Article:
We introduced the HDR reporters into mouse ES cells. Colonies that were hprt−/puroR were selected, as each reporter is flanked by hprt sequences to target the reporters to the hprt locus (35) and, as well, contains the selectable puromycin resistance gene (puroR) between the GFP repeats (Fig. (Fig.1A).1A). Correct targeting was confirmed by Southern hybridization (Fig. (Fig.1B).1B). With the HDR reporters integrated at the hprt locus in each of the cell lines, possible position effects on cleavage or repair that may arise from random integration should be abrogated (35).
In the absence of RAG1/RAG2 expression, GFP-positive (GFP+) cells were rarely observed: in cells containing the DRGFP-SE and DRGFP-CE reporters, 0.001 and 0.002% of cells, respectively, were measured by flow cytometry to be GFP+. However, after transient expression of full-length RAG1/RAG2 into the appropriate cell lines, GFP+ cells were detected at significantly higher frequencies, indicating HDR (Fig. (Fig.1C).1C). An average of 0.026% of cells obtained from cells containing the DRGFP-SE reporter were GFP+, and 0.073% of cells obtained from cells containing the DRGFP-CE reporter were GFP+, an ~30-fold-higher level than that in the absence of RAG1/RAG2 expression (Fig. (Fig.1D).1D). For comparison, approximately 1.8% of cells obtained after I-SceI expression from cells containing the DR-GFP reporter were GFP+ (Fig. (Fig.1C),1C), similar to our previous results with this reporter (35). Thus, 70-fold (DRGFP-SE)- and 25-fold (DRGFP-CE)-lower rates of HDR were obtained with RAG1/RAG2 expression compared with I-SceI expression using similar reporter substrates. The recovery of GFP+ cells was dependent on the HDR protein Rad51, as expression of a mutant Rad51 protein (Rad51-K133R), which can interfere with HDR in a dominant manner (42, 44), reduced the number of GFP+ cells to background levels (0.001%) (Fig. 1C and D).
The RAG-induced GFP+ cells formed a distinct population of green fluorescent cells by flow cytometry and were obtained at a substantially higher frequency than in the absence of RAG1/RAG2 expression. However, given their low frequency, we verified that they arose from HDR by enriching for the GFP+ population by flow sorting (Fig. (Fig.1C).1C). Genomic DNA was isolated from the sorted populations and confirmed to contain the expected sequence for a functional GFP gene (data not shown).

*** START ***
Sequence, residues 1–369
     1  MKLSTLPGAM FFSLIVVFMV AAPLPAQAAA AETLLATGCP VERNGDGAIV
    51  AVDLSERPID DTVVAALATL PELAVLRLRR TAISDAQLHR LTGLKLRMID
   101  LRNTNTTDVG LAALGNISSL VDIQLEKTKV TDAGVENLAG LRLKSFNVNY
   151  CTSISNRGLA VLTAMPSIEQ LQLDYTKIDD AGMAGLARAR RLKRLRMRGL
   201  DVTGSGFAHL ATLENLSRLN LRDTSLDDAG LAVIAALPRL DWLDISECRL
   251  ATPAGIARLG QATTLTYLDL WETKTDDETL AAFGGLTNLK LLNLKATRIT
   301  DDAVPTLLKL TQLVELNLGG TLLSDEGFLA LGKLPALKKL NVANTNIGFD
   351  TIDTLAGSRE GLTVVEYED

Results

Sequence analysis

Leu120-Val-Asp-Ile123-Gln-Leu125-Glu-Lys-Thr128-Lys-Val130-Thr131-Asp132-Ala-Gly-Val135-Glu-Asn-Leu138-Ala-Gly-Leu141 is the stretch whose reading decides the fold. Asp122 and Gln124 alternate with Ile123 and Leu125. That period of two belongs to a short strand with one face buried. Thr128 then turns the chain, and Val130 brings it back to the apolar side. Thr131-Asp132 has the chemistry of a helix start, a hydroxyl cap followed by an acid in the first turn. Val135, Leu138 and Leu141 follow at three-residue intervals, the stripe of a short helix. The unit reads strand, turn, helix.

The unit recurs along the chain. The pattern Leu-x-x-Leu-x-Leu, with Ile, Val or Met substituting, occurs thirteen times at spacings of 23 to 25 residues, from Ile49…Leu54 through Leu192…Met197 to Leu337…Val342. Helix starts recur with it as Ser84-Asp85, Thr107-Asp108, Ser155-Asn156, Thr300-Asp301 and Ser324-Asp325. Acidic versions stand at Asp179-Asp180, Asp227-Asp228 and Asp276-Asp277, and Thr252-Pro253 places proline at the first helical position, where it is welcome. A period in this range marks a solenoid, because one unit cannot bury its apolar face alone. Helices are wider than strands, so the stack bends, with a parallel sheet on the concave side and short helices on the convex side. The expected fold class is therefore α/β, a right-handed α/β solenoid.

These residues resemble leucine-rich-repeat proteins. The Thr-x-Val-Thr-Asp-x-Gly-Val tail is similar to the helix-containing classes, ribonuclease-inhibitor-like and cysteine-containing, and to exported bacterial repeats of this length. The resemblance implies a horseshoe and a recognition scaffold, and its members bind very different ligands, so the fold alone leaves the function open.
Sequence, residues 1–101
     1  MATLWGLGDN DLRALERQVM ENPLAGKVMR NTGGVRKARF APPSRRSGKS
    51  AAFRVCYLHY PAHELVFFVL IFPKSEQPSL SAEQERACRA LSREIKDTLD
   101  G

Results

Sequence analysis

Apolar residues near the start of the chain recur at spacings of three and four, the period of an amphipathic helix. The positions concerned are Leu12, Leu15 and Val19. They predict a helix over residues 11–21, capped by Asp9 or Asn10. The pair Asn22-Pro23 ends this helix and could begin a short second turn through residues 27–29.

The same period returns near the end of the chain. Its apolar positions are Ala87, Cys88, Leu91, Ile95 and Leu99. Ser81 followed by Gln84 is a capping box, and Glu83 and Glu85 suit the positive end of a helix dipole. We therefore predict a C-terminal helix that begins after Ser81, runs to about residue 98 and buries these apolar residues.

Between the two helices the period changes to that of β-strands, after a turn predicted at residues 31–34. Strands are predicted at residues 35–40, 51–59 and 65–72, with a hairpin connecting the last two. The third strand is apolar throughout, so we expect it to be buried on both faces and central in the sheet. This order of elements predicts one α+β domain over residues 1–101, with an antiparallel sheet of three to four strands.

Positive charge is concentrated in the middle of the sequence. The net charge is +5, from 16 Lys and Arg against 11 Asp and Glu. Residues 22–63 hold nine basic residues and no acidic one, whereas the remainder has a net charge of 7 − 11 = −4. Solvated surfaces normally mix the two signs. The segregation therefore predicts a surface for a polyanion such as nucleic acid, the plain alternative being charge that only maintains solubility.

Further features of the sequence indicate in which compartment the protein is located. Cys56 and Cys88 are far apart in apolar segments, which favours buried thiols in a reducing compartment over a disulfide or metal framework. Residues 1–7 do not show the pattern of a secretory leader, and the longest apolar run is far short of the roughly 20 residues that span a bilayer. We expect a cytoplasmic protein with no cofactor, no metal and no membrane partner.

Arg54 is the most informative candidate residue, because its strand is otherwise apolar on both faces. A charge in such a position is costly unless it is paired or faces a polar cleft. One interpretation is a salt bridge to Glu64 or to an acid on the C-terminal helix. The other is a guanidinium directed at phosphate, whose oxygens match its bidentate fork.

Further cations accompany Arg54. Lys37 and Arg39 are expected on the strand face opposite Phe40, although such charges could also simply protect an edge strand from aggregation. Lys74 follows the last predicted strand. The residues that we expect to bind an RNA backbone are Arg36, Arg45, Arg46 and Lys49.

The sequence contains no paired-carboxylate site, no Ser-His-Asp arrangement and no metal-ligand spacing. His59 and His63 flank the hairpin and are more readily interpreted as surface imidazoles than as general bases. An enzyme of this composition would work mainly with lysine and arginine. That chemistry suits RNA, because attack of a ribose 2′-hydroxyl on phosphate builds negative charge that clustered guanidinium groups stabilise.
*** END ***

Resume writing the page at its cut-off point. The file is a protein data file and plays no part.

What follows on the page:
The low absolute frequency of HDR induced by the RAG proteins compared with I-SceI could result either from infrequent HDR at RAG-generated DSBs compared with NHEJ or from a low efficiency of cleavage at the integrated RSS elements. We sought to determine, therefore, the amount of V(D)J recombination at the RSS elements in our reporters. We used a PCR primer set that amplifies the unrearranged DRGFP-SE or DRGFP-CE reporter to produce a 1.5-kb fragment and products resulting from either NHEJ or HDR, both of which would produce a 1.1-kb fragment (SA-F and SA-R1; Fig. Fig.2A).2A). Since the smaller fragment from repair amplifies more efficiently than the larger fragment from the unrearranged reporter, we created a standard curve for comparing the observed ratio of the fragments and the expected ratio by performing PCR on various dilutions of DNA from untransfected cells containing the DR-GFP reporter-which would give rise to a 1.1-kb fragment—into DNA from untransfected cells containing the DRGFP-CE reporter (Fig. (Fig.2B2B).
In the absence of RAG expression, only the 1.5-kb fragment from the unrearranged reporters was detected (Fig. (Fig.2B).2B). In contrast, transient expression of RAG1/RAG2 produced both the 1.5-kb fragment and a readily detectable 1.1-kb fragment. For cells containing the DRGFP-SE reporter, approximately 1.7% of DNA was estimated to be repaired by NHEJ and HDR combined; for cells containing the DRGFP-CE reporter, approximately 3.0% of the reporter was estimated to be repaired by these pathways. Quantification by Southern blotting gave similar results (data not shown). The almost twofold-higher level for the DRGFP-CE reporter compared with the DRGFP-SE reporter appears to account for much of the difference in HDR levels obtained with the two reporters (Fig. (Fig.1C),1C), suggesting that the DRGFP-CE reporter is somewhat more efficiently cleaved than the DRGFP-SE reporter, rather than that blunt signal ends are less recombinogenic than hairpin coding ends. Considering the level of GFP+ cells obtained for cells containing the two reporters (Fig. (Fig.1C),1C), these results indicate that the frequency of NHEJ is substantially higher (≥40-fold) than that of HDR for the repair of the RAG-generated DSBs.
In lymphocytes, V(D)J recombination is restricted to the G0/G1 phases of the cell cycle as a result of degradation of RAG2 at the G1/S boundary caused by cyclin A/CDK2-dependent phosphorylation at residue T490 (18, 21, 25). Since HDR is expected to be most frequent during S/G2, in part because proteins such as Rad51 are preferentially expressed during these cell cycle phases (51), we sought to determine whether RAG-induced HDR was inefficient as a result of a cell cycle-dependent loss of RAG2. For this, we utilized the RAG2-T490A mutant, which does not undergo cyclin-dependent phosphorylation (18, 21). Comparable levels of HDR were observed in cells containing the DRGFP-CE reporter after transient expression of RAG1/RAG2 or RAG1/RAG2-T490A (data not shown).